Rethinking The Local Paper

This is my local newspaper, called The Villager. If you live in Greenwich Village, NYC, you probably read The Villager. But there are several problems with The Villager (which was voted NY State’s "Best Community Newspaper").

First, it’s only updated once a week. And that’s true of the website as well. Fortunately today is the day they update, so if you click thru, you might get fresh content. And then there is the problem that over half of the stories are about things that don’t really impact or interest me. Steven Johnson calls this the "pothole paradox." That pothole in front of your home or apartment is a big deal to you, but your friend four blocks over couldn’t care less. And The Villager is barely scraping by living off local advertising that is moving fast and furious to Adwords and other forms of web advertising.

That is why I am so interested in local media, aka hyperlocal. Today, there are not one but three stories on Techmeme about a new hyperlocal service called Everyblock. Everyblock was built by people who did the chicagocrime.org service and is backed by a $1mm grant from The Knight Foundation. If for some reason you don’t want to go check out Everyblock, I’ll tell you what it is. Everyblock crawls a number of local resources like Yelp, Flickr, and possibly most importantly local government databases. Through Everyblock, you can subscribe to all building permits, restaurant inspections, and liquor licenses issued in your neighborhood. That’s pretty useful.

Many of you know that our firm, Union Square Ventures, is an investor in Outside.in, co-founded and run by Steven Johnson (the pothole paradox guy). Techcrunch calls outside.in a competitor of EveryBlock. I think collaborator is more like it. It’s going to take more than one company to rebuild the local newspaper from the ground up.

In fact, the first thing we all need to understand about "hyperlocal" is that this is going to be a long slog. It’s simple enough to put up a search field and ask for a neighborhood name or zip code and return a result. outside.in has been doing that for over a year now. Here’s that result for my neighborhood. Here’s EveryBlock’s result for the same search. You get two very different results, because the services focus on different kinds of local content. But even so, the results are not that compelling. YET.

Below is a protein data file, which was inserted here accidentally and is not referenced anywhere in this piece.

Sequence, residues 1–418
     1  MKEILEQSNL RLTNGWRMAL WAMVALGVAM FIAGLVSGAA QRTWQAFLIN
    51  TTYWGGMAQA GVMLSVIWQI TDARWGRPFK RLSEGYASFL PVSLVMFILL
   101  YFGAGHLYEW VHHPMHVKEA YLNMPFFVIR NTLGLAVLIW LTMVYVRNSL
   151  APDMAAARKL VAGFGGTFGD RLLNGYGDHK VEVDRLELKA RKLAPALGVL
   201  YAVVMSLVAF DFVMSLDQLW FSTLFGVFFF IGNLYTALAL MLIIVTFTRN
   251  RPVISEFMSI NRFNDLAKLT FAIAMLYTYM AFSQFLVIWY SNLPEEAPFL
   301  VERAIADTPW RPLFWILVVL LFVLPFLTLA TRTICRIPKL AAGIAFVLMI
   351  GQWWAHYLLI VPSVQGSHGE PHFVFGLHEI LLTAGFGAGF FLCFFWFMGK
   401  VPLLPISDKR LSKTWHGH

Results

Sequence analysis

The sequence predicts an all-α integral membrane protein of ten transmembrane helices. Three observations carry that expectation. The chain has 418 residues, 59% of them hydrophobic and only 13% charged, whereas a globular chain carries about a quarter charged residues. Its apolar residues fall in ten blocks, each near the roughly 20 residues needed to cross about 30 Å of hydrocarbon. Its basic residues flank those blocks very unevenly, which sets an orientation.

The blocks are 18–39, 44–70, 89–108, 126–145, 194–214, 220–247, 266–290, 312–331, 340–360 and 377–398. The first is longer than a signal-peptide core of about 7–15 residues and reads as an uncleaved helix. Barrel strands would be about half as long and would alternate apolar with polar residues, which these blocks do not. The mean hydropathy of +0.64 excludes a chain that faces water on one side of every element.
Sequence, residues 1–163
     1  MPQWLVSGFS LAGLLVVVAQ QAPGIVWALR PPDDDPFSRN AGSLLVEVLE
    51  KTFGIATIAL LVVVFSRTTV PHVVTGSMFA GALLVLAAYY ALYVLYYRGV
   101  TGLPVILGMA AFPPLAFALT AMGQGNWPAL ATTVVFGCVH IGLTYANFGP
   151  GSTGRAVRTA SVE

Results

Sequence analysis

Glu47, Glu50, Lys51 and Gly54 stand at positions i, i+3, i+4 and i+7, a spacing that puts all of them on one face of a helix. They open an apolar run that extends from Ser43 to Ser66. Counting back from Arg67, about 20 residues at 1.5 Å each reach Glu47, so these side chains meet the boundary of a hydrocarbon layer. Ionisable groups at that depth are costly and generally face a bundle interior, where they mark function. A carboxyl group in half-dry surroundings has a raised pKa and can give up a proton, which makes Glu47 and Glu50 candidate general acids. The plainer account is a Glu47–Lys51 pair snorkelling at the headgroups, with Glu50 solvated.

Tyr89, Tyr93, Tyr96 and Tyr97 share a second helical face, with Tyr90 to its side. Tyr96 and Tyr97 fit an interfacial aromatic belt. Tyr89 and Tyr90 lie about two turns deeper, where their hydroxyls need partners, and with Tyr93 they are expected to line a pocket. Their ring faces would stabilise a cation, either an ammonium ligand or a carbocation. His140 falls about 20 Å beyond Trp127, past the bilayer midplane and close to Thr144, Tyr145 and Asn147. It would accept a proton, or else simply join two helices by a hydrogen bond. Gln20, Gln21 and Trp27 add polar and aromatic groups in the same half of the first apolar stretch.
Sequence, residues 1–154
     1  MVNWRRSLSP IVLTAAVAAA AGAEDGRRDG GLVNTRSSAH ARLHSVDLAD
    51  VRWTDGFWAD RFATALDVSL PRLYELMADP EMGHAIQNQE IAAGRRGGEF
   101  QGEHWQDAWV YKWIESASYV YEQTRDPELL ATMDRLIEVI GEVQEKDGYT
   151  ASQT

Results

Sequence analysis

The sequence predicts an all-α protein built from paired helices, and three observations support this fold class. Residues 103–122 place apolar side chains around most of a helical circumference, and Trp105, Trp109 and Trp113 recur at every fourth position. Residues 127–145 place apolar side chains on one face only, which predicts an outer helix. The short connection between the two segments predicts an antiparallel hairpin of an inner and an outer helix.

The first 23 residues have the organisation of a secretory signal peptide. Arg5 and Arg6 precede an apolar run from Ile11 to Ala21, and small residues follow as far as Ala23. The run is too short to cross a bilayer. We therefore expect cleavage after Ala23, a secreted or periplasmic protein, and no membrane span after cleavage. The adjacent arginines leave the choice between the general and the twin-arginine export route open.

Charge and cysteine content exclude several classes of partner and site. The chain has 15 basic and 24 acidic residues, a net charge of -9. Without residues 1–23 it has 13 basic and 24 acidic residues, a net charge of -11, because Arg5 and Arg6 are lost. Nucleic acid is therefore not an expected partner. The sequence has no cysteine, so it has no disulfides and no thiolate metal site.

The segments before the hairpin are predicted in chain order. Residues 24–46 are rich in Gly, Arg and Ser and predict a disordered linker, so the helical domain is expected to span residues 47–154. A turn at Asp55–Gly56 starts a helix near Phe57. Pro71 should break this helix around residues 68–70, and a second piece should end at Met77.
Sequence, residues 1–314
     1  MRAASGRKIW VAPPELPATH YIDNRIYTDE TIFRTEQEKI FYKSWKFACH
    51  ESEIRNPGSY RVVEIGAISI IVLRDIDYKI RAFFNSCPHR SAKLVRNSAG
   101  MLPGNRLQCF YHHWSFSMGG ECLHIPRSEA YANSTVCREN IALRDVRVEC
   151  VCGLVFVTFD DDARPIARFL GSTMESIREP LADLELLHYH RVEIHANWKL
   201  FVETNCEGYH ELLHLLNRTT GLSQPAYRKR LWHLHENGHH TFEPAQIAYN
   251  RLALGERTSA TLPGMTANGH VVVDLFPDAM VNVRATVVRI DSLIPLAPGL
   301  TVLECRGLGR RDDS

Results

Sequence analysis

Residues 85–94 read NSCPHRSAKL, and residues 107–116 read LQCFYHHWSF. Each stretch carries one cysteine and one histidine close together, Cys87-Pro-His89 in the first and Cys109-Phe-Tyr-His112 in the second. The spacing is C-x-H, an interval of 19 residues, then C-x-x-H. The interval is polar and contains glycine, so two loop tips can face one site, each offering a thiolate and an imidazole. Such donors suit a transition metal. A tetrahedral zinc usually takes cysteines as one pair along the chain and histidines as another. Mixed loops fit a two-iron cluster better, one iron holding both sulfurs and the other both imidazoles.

The thing that has to happen and will happen, I just don’t know when, is that we are going to program our community newspapers ourselves. Like my post this morning about Pier 40. Which by the way is at the top of outside.in’s result page for my zip code. Nice. I didn’t do anything to make that happen.

But there just aren’t that many people producing hyperlocal content in a form that is organizable into a new version of a community newspaper. Sure there are many people posting photos and more and more of them will get a geotag as we get gps cameras and better web/camera integration. But look at Everyblock’s photo page. Where is the relevance? Why do I care about the photo taken 10 blocks away from my house?

And there isn’t enough of an incentive to produce hyperlocal content. If a mom (or dad) could blog for two hours every morning between dropping off her kids and going shopping and make $1000-2000/month doing that, we would see a lot more content getting produced. And who better to blog about the high school soccer game, the PTA meeting the night before, or the controversy about the new supermarket coming to town?

And where are her stories going to get picked up? What if they could get picked up by the big city paper that everyone in her town reads. That’s why I am so excited about Outside.in’s effort to get it’s neighborhood pages and buzzmaps onto newspaper websites all over the country. Here are outside.in’s buzzmaps on the Washington Post website. When the mom finds out that her stories can and will get onto the Washington Post, that might change things. And when the traffic that outside.in, everyblock, yourstreet, the washington post, and hopefully a host of other newspapers drive to her blog turns into tens of thousands of visits a month, there will be a hyperlocal ad network knocking on her door to take her inventory and send her that check for $1000-2000/month for her work. If you don’t think that’s possible, check out my favorite mom’s blog traffic.

That’s why this is a collaborative effort. We need everyone and everything we can throw at this problem to make this happen. We need every newspaper in the country to embrace platforms like outside.in and everyblock and showcase their content on the newspaper’s pages. We need to find these local voices and amplify them. And we need to attract more of them. And we need to monetize them for their efforts.

And then we will have a new kind of community newspaper, one that we program and we read and we comment on. It’s coming. I just don’t know when.